This past Friday's Wharton Nation Brand Conference featured speakers discussing nation branding's effect on international trade.

Credit: Zach Sheldon

A Wharton conference this weekend challenged students to consider how countries are like brands.

This past Friday, policymakers, academics and corporate executives from countries ranging from Brazil to China gathered in Huntsman Hall for the Wharton Nation Brand Conference. Issues discussed included how a nation’s image on the world stage affects its international trade, foreign direct investment and overall economic prosperity.

One of Penn’s business fraternities, the Beta Nu Chapter of Delta Sigma Pi, organized the event together with Wharton professor David I. Reibstein to give Penn students and faculty special access to noteworthy speakers’ perspectives on the field of “nation branding.”

One panel delved into the concept of how a nation’s global image is branded through international sports. The speakers exchanged views on whether Brazil should have hosted the 2016 Olympics in the first place.

“The World Cup and Olympics were really bad decisions for Brazil,” author of "Brazillionaires" Alex Cuadros said.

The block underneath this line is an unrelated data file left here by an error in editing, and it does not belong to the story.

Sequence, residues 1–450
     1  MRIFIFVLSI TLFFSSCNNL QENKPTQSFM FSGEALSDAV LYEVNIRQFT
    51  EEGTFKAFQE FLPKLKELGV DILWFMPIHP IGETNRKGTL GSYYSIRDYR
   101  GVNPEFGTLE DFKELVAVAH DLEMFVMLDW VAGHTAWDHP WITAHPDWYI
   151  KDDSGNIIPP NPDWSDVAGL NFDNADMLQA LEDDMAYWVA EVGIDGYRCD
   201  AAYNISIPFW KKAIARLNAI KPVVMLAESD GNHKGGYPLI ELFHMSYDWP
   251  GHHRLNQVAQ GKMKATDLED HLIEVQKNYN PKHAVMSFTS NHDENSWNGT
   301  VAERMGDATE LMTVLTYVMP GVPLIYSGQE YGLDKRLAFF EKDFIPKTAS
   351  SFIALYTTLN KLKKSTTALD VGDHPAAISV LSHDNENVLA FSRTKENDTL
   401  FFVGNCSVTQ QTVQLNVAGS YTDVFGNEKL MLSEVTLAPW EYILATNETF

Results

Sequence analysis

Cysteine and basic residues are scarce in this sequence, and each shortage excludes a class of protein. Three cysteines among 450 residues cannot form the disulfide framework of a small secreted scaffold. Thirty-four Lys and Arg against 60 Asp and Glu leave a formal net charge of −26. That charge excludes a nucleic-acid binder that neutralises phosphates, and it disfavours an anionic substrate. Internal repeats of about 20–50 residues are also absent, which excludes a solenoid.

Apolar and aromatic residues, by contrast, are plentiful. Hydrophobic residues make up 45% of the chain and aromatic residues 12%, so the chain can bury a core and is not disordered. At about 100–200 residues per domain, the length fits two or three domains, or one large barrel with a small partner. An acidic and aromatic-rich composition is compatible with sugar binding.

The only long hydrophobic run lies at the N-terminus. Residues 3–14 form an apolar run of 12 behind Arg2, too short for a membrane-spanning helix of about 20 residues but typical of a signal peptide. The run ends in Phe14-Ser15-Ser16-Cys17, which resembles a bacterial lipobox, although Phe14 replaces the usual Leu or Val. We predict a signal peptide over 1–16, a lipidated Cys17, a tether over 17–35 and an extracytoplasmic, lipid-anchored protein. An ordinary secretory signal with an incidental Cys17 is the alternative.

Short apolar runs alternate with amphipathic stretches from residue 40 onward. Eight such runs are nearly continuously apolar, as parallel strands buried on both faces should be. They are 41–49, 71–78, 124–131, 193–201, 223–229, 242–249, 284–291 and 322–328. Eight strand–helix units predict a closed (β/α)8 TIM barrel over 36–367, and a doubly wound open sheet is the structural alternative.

Cuadros highlighted that what should have benefitted Rio’s poor ended up benefitting the well-connected. He also pushed audiences to consider what the realistic cost for Brazil was, despite its attempt to transform itself for the better.

Fellow Brazilian Tulio Milman of Grupo RBS said the Olympics was “great for Brazil.”

Despite the diverging perspectives, speakers agreed that the media set a low bar for success in nations such as Brazil.

Another panel, “China Transforming,” was conducted by 2003 Wharton graduate and current Vice President of Alibaba Brian Wong. Wong executed his presentation by not only debunking the stereotypical myths about China’s industry, but also by using his company as an example of a Chinese company equally worthy of consumer appreciation on the international market.

“We believe what we’re doing is not only relevant for China but for the entire world,” he said.

Wong deconstructed the notion that China is a “copycat,” low-cost exporter that lacks real innovation. Alibaba’s innovative ideas have included introducing e-commerce centers in local villages as a means of solving poverty through technology.

Wong demonstrated how Chinese companies need to stick to their values in order to fulfill their long-term visions. Alibaba wants to reach 2 billion consumers by 2020, a goal its leaders hope can be fulfilled with China’s growing consumerism.

Wong’s portion of the conference particularly appealed to students interested in the Chinese job market.

“It opened my eyes up to the opportunities there are in China…I realized how Chinese companies are innovating on an equal platform with Western companies,” College freshman Clifford Tong said. 

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